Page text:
Validate Azure Stack PKI certificates

The Azure Stack Readiness Checker tool described in this article is available from the PowerShell Gallery. You can use the tool to validate that the generated PKI certificates are suitable for pre-deployment. Validate certificates by leaving enough time to test and reissue certificates if necessary.

The Readiness Checker tool performs the following certificate validations:

  • Read PFX
    Checks for valid PFX file, correct password, and whether the public information isn't protected by the password.
  • Signature algorithm
    Checks that the signature algorithm isn't SHA1.
  • Private Key
    Checks that the private key is present and is exported with the local machine attribute.
  • Cert chain
    Checks certificate chain is intact including a check for self-signed certificates.
  • DNS names
    Checks the SAN contains relevant DNS names for each endpoint, or if a supporting wildcard is present.
  • Key usage
    Checks if the key usage contains a digital signature and key encipherment and enhanced key usage contains server authentication and client authentication.
  • Key size
    Checks if the key size is 2048 or larger.
  • Chain order
    Checks the order of the other certificates validating that the order is correct.
  • Other certificates
    Ensure no other certificates have been packaged in PFX other than the relevant leaf certificate and its chain.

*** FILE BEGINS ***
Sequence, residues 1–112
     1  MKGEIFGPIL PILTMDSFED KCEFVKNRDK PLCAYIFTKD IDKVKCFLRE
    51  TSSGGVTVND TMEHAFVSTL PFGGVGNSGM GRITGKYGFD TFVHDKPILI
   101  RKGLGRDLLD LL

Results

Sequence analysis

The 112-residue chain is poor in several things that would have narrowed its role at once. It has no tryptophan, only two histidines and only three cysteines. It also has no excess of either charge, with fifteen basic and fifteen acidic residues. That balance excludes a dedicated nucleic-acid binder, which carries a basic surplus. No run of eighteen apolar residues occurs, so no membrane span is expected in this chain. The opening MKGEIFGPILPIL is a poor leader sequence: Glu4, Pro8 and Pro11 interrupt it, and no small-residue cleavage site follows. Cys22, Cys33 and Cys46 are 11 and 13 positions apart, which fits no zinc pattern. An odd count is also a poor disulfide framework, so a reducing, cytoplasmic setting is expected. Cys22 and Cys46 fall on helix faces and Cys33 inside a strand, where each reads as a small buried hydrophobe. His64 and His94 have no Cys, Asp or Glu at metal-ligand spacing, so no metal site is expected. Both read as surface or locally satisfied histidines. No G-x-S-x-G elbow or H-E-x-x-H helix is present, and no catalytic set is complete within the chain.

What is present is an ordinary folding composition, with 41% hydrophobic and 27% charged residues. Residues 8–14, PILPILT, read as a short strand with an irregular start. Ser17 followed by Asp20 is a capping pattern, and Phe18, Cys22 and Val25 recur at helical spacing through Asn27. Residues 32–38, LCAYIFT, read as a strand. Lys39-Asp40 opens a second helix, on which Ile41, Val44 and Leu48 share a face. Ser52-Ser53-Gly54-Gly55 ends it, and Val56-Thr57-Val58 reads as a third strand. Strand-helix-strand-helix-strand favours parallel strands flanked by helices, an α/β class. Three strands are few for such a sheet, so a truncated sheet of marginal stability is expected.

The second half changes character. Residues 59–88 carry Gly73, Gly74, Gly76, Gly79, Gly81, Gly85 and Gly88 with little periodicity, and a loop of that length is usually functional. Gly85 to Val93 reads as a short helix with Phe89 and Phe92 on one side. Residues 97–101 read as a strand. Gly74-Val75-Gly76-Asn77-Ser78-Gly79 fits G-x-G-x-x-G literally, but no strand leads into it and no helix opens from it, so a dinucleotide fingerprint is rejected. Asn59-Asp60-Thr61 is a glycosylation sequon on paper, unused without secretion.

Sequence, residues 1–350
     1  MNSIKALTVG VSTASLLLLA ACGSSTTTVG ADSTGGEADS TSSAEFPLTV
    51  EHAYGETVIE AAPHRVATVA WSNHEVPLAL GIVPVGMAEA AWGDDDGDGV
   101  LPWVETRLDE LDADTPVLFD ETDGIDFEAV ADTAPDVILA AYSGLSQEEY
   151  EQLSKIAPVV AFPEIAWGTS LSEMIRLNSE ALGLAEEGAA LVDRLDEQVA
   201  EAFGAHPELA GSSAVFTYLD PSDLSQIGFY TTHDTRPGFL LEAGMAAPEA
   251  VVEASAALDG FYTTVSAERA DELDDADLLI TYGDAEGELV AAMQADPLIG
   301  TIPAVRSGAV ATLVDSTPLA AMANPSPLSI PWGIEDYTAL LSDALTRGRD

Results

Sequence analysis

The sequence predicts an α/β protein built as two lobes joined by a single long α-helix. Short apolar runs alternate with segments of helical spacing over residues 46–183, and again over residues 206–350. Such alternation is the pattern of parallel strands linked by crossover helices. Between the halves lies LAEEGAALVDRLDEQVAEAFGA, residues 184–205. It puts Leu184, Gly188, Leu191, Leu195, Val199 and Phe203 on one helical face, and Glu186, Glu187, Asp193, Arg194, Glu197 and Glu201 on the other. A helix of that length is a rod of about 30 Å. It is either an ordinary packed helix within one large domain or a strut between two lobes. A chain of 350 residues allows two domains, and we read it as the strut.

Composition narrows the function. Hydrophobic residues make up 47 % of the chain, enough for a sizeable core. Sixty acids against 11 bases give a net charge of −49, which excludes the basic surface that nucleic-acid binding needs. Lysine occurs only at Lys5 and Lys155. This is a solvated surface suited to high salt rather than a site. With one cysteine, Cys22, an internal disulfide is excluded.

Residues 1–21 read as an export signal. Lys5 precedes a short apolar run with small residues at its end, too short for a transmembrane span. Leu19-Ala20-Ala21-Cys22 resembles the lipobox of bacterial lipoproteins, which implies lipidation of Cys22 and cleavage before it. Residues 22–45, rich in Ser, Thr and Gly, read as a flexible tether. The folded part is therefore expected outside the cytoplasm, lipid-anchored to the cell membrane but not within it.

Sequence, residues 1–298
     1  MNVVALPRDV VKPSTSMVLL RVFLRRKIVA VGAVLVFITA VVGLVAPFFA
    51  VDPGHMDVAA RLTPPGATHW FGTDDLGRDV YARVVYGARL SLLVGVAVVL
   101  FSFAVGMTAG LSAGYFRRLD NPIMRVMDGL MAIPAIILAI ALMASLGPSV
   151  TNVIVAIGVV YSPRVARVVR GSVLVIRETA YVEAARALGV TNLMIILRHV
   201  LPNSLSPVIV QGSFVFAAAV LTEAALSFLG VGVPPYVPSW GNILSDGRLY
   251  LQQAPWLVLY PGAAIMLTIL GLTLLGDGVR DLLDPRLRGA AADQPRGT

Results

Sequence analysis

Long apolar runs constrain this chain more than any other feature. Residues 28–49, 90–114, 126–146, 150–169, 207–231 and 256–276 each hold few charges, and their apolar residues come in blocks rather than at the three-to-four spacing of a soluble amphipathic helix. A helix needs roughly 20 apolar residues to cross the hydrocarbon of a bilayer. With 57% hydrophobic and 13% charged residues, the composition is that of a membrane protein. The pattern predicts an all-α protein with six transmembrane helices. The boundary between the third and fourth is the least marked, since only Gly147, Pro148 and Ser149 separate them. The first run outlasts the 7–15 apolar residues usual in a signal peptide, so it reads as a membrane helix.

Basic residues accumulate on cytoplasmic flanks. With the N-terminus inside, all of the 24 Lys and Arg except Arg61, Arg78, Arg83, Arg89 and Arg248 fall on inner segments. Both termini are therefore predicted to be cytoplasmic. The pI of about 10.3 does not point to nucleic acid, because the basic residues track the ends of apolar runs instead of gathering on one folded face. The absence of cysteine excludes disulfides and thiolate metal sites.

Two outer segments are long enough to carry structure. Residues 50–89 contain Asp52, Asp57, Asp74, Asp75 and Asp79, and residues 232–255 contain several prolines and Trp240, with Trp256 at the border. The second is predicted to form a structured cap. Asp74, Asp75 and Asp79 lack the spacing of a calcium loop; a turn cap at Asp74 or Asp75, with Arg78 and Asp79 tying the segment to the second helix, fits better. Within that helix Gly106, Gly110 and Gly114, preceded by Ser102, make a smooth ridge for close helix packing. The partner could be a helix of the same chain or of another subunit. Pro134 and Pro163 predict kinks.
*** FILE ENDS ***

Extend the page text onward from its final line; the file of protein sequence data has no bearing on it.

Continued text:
• No profile
    Checks that a new user can load the PFX data without a user profile loaded, mimicking the behavior of gMSA accounts during certificate servicing.

Important

The PKI certificate is a PFX file and password should be treated as sensitive information.

Prerequisites

Your system should meet the following prerequisites before validating PKI certificates for an Azure Stack deployment:

  • Microsoft Azure Stack Readiness Checker
  • SSL Certificate(s) exported following the preparation instructions
  • DeploymentData.json
  • Windows 10 or Windows Server 2016

Perform core services certificate validation

Use these steps to prepare and to validate the Azure Stack PKI certificates for deployment and secret rotation:

  1. Install AzsReadinessChecker from a PowerShell prompt (5.1 or above), by running the following cmdlet:

        Install-Module Microsoft.AzureStack.ReadinessChecker -force 
    
  2. Create the certificate directory structure. In the example below, you can change <c:\certificates> to a new directory path of your choice.